1. Sit in a chair next to your circuit.
  2. Put the chest and belly straps on as shown in Figure 17. The rubber cords should be in front so you can see them on your chest and belly. You may need to adjust the exact position of the straps for different body shapes and sizes, but the chest strap should approximately go just above your sternum, and the belly strap should be roughly across your belly button. The exact location is not critical. The two most important points are to make sure that the straps expand when you breathe, and that they do not slide around when you breathe. Make sure the alligator clips are long enough to reach the straps without pulling the circuit off the table. If needed, you can connect multiple alligator clips together end-to-end.
  3. Tighten the straps so they have a snug fit.
    1. When you exhale completely, the rubber cords should be in a mostly unstretched state, but you do not want the straps to slide down on your body. If the straps move around too much, tighten them slightly.
    2. When you inhale (puffing up either your chest or belly as much as possible), the rubber cords should stretch, but the strap should not restrict your breathing. If either strap feels too tight, loosen it slightly.

    Sensor straps around a person's chest and belly
    Figure 17. A person wearing the chest and belly straps while sitting next to the sensor.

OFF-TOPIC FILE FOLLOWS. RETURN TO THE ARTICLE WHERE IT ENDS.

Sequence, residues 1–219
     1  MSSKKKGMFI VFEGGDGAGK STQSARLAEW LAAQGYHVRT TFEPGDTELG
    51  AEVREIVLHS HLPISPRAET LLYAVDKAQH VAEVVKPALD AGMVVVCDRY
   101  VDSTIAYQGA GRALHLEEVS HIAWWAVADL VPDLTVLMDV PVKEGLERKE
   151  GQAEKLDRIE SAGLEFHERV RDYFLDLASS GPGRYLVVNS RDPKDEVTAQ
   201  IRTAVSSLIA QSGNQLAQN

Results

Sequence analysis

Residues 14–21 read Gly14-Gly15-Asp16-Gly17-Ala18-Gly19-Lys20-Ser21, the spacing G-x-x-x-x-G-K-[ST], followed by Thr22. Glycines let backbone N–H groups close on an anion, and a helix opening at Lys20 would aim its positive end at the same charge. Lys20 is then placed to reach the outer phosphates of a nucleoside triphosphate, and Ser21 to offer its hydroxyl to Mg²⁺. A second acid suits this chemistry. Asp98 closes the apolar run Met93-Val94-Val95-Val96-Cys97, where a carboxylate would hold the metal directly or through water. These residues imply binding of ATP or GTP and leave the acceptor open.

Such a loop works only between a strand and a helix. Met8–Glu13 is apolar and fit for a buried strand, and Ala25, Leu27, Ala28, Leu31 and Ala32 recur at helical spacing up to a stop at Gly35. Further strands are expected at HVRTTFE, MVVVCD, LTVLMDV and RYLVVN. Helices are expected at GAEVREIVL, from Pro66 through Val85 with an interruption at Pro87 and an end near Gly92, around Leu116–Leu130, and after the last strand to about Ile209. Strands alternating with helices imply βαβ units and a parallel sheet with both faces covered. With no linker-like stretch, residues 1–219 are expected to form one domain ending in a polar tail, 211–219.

4. If you are testing the sensors on yourself, position yourself so you can access the potentiometers and see the serial monitor on your computer. You will need to sit as still as possible during calibration since the sensors are very sensitive to movement. If you are testing on a volunteer, have them sit still in the chair.
  5. Now you will repeat the calibration process from the previous section, using breathing instead of pulling on the cords. Inhale and exhale while taking deep "chest breaths" (inflating your chest as much as possible and your belly as little as possible) or ask your volunteer to do so. Watch the serial monitor. Adjust the potentiometer such that the chest_ADC_min and chest_ADC_max values correspond to the minimum and maximum chest sensor readings. You can also watch the LEDs and adjust such that all the LEDs are off when you fully exhale and all the LEDs are on when you fully inhale.
  6. Repeat step 5 for the belly sensor and "belly breaths," where you inhale as deeply as possible while inflating your stomach, not your chest.
  7. Practice different types of breathing (breathing normally vs. belly breathing vs. chest breathing) for a few minutes and watch the LEDs. Make sure you hold still and ensure that the straps are adjusted so they do not slide around over time. If you shift to a different position (for example, slouching or leaning in the chair) or if the straps slide too much, you will need to re-calibrate.
  8. Take the straps off and repeat this entire section at least once. Even when you put the straps back on the same person, you need to re-calibrate them each time. It will be impossible to put the straps back in exactly the same place, and the person may be wearing different clothing or sitting in a slightly different position, etc. Make sure you are very comfortable with the calibration procedure before you continue.